I tried to give the objects that I felt needed the most amount of detail the most size. Things like the roof got much more area than others. I felt that my packing was decent. I could have likely packed better, or tried an auto packer, but this looked friendly for texturing. I didn’t really have any huge issue UVing. The process could have been easier if I had UV’d all of my objects as I made them, and then duplicated them after. Instead once my model was done, I would UV one object and then duplicate it to replace all of the other instances of that object. I ended up doing that quite a bit for the roof.
This is my lower half UV. The UV came out pretty simple. I stacked all of the objects that I knew I would be applying to wood into one space, and then gave plenty of room to the other objects. With all of the empty space I had I probably could have had a few different types of wood, and then sampled from each of them for more variation across my wood pieces, but I felt that this turned out fine.
Overall I found the UVing process pretty easy. A majority of the time I would just auto UV, to see what I got, and then sow together to get what I really want. There was only a few times that I had to go in and UV things up individually.
This is my first update for the Overwatch Game Scene. I did some searching on online on how to achieve the overwatch style and I found this fantastic write-up on polycount: http://polycount.com/discussion/170394/technical-study-overwatch-image-heavy . After skimming the write up, I discussed with my team members that it looked like a large majority of how Overwatch got its look was almost exclusively through textures. It seemed as though all of their modeling was pretty basic, but their texture work was really crazy and used in a way that added a lot of faked detail to objects. With this knowledge we decided it would be best to try to finish our modeling by the end of the first week, and UVing by the end of the second. That would give us the rest of the semester to finish what seemed to be a majority of the workload, the texturing. So by the end of the second week we all had our models (mostly) done. Here’s mine
While it was a relatively small building, especially in comparison to my teammates, it had it’s own slew of weird things about it that made it very odd and challenging for me to work on. When I looked closer at the building, I realized that the bottom half of the building was an octagon, and the top half was a hexagon. These two halves were blended together with the use of the walls and the doorways. This was giving me a lot of trouble to make as a single piece, so I just made them as two separate halves.
By working in two separate parts, it made it easy for me to blend the two together. The ways that I was combining the two was not perfect, but some of the conveniently placed slats of wood going up the edges gave me the perfect tool to cover up any odd lining up. Once I had my base for my top half and bottom half put into place I was able to start adding embellishments. I had been told at some point that when you are given a poly count for an object that that is a goal, not just a limitation. Your goal should not be to make things as low poly as possible, but to use the poly count that was allocated to you as efficiently as you could. When I finished my base I was sitting at around 2.5k polys, out of my 5k poly count limit. With room to spare, I decided to add some embelshments/more fine details.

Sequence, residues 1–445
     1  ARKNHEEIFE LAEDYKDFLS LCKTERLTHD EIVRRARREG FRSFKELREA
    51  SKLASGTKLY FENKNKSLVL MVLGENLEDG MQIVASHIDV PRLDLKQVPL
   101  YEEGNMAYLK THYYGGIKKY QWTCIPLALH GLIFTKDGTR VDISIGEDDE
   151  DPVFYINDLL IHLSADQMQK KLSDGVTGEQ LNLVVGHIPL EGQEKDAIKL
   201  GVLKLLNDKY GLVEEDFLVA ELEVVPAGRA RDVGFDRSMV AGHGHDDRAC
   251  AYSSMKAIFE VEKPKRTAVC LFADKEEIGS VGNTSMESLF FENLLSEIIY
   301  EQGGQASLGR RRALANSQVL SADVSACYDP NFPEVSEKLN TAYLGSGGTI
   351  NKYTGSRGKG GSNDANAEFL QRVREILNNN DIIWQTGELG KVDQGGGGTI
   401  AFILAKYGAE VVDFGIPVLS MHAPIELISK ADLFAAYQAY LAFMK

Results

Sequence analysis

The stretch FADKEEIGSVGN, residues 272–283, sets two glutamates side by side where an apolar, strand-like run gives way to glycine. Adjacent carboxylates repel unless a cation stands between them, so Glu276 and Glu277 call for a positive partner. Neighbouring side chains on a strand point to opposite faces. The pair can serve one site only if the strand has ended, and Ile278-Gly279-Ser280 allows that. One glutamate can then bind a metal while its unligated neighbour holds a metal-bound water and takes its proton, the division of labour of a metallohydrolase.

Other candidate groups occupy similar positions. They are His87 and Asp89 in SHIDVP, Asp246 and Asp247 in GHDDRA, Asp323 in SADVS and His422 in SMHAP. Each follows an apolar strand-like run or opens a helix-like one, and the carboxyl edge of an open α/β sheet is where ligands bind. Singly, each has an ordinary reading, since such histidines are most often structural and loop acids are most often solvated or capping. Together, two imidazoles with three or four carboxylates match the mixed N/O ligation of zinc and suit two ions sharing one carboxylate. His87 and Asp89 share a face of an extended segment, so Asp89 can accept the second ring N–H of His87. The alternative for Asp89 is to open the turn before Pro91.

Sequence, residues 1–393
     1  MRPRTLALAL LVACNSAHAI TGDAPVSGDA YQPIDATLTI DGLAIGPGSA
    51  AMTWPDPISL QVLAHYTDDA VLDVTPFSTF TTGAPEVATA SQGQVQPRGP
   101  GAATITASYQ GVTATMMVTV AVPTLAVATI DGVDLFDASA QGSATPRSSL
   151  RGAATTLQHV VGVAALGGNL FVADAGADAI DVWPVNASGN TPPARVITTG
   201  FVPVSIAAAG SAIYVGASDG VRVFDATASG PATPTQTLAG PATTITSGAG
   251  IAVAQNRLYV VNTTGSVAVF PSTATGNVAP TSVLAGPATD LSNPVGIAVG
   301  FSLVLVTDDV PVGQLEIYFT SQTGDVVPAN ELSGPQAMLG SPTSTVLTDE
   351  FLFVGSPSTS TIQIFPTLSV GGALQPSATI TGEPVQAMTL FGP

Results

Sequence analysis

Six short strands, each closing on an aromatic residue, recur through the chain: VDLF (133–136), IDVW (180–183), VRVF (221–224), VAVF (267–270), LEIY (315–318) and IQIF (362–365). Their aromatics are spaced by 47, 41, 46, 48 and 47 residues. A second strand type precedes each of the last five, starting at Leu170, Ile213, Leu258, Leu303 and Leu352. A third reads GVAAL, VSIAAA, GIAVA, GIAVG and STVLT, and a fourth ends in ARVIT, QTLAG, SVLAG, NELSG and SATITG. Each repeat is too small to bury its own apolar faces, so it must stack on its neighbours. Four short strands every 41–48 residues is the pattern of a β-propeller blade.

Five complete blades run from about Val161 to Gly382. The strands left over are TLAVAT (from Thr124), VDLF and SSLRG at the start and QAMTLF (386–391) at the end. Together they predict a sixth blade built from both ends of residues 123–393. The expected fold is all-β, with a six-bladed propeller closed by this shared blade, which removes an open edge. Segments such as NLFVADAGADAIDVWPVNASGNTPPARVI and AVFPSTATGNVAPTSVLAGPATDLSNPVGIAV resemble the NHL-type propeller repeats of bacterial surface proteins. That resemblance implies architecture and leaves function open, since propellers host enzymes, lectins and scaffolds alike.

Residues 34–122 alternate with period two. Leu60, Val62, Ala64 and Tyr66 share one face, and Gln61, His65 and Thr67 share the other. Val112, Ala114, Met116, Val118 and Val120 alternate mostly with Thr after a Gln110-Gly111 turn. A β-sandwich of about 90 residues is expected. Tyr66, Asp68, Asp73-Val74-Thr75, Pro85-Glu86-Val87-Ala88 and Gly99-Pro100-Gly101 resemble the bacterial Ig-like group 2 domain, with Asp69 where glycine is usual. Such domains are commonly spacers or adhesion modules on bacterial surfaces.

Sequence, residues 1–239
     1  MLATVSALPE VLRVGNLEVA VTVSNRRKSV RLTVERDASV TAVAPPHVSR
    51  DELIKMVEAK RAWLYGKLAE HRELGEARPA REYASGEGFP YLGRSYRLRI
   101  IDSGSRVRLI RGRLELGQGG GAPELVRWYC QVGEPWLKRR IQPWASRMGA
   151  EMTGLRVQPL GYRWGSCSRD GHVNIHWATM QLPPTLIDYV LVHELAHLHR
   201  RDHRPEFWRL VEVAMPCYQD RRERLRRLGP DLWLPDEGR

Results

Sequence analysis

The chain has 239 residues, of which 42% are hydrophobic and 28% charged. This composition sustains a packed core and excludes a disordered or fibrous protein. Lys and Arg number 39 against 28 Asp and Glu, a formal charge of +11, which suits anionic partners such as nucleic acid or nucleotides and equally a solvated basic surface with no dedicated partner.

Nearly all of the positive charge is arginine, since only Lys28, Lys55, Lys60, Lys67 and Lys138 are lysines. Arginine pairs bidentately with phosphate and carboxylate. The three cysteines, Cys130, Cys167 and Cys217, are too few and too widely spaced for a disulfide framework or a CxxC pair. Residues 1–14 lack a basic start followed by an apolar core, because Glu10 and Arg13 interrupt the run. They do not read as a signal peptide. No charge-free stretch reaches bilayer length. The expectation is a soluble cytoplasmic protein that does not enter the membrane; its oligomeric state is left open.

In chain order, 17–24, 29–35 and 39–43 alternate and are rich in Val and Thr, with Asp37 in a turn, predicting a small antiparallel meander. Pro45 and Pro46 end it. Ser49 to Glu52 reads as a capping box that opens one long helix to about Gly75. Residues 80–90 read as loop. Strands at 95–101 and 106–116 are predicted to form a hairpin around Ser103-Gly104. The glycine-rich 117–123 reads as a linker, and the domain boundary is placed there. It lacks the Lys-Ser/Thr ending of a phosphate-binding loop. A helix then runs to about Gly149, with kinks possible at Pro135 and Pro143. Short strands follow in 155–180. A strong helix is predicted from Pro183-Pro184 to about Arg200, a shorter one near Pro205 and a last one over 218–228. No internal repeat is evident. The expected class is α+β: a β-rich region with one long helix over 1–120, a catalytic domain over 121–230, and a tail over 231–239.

While these more fine details were what quickly ramped up my poly count, I had budget for them. I feel that my building would have felt much more plain overall without them, and I’m glad I took the time to get them in. I did a few other embellishments as well to help the building feel more complete.
For my next CAGD 230 assignment I need to do a group project making models that match the visual style of the game Overwatch. We have to get into groups of 3 people and each of us makes a building. As the project progresses we all have to check in and work together to make sure that we’re all working towards a similar direction. At the end of the project we have to take our final models and put them into the Unity3D game engine. Before the project even started I put my group together. I knew that I would want to be in a group with my roommate Josh and friend of mine that I had worked with before, James. I knew that the three of us would be able to get our work done on time, and it would be a pretty low stress experience.
After we officially got into a team, we searched through different Overwatch levels to help us decide which level we wanted to do. These are some of the buildings we were considering.
After talking it over and going through the different screenshots, we felt that the level in the first image, hanamura, was something that we could all be excited to work on. It was a visual style that we all felt was cool, and the buildings were a bit different stylistically which made the assignment sound more fun. After finding the buildings that we felt would be best for us to work on, we divided them up between us. I ended up with the smallest building, but it didn’t look like it was lacking in it’s own fair share of difficulties.